The first time I met Don Zelle he struck me as a hybrid between Socrates and Doc Brown, the mad scientist from the Back to the Future movies. That was about five years ago, and since then he’s proven to be one of the most pleasant and peculiar people I know. Don’s a retired English teacher who now serves as cantor and reader at several Orthodox Churches in the St. Louis area, commuting by way of his yellow Ford Model A replica (originally manufactured in 1929), and constantly criticizing people who enjoy music that was recorded after the 1940’s.
Don’s great-great grandfather immigrated to the States from Germany in 1851, and made his home in Mount Pulaski, Illinois, not far from Springfield where Don grew up. After graduating from Lanphier High School in 1956, Don attended Knox College and earned his undergraduate degree in Art. He moved to New York after college and met his wife Evthokia whom he married in 1963. “She was Greek,” he told me. “Still is.” He also informed me that Saint Evthokia, for whom she was named, is an empress who helped preserve the tradition of venerating the holy icons of Jesus, Mary, and the Saints in the Orthodox Church.
Don taught English in the town of Lincoln, Illinois, then moved to Long Island for a time before heading west to San Francisco State University where he continued his studies and acted in close to thirty plays. He and Eve eventually made their home in Affton, Missouri, and both worked as teachers at Affton High School.
For the majority of Don’s career he taught speech, drama, and freshman English at Kirkwood High School in St. Louis County. He claims to have been a strict and serious teacher which I believe given his frequent rants concerning pop music and culture. I asked him what qualities make for a good educator. He replied that too much emphasis is placed on style nowadays. “Teachers should have knowledge on the subject,” he said.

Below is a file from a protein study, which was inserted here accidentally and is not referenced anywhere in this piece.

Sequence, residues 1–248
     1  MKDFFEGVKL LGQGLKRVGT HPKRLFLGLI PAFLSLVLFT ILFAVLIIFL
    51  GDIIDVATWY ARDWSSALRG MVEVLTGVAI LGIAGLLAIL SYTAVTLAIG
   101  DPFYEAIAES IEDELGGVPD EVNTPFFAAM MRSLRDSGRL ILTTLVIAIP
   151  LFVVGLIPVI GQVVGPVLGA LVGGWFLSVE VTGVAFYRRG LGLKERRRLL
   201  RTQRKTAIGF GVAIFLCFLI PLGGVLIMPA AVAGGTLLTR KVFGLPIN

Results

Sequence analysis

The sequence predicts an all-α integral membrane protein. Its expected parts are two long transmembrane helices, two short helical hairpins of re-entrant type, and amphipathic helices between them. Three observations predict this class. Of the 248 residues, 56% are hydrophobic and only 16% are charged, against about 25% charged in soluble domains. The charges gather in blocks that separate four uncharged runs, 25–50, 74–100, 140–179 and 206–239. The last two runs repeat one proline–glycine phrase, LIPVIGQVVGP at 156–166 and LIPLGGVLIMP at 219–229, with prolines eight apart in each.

One of Don’s favorite poems is “Sailing to Byzantium,” by William Butler Yeats, one of his favorite plays is The Importance of Being Earnest, by Oscar Wilde, and he greatly appreciates Jane Austen’s work. His favorite musicians include Duke Ellington, Benny Goodman, Dave Brubeck, Scott Joplin, and Johann Sebastian Bach. Don loves old movies, the silent comedies starring Buster Keaton and Charlie Chaplin. He also named John Gielgud, Deborah Kerr, Alec Guinness, and Robert Duvall among his favorite actors.
Don’s first marriage ended with a divorce, sadly, in 1978. After some time had passed, one of his students suggested he go out with Barbara, a coworker at Kirkwood High School, so Don asked her out on a date. Six months later she agreed, and in 1980 they got married. “I can’t praise her enough,” he says of Barbara. “Except that she married me—I can’t respect someone like that.” Don and Barbara were happily married for thirty-one years. Three years ago, Barbara fell asleep in the Lord. Don’s two daughters, Nikki and Teddi, live in New York now with their mother Evthokia.
On most weekday mornings Don can be found chanting and offering praise to the Trinity at Assumption Greek Orthodox Church. On Sundays he celebrates the Divine Liturgy at St. Thomas the Apostle Church in South St. Louis. One of the holy icons Don painted portrays the Apostle Thomas and is currently on display at the Assumption. He has also painted icons of Saint Barbara and of the Holy Prophet Samuel.
Regarding life in St. Louis, Don said, “I love this city. I’ve had a love affair with this city for half a century, and my love has not diminished.”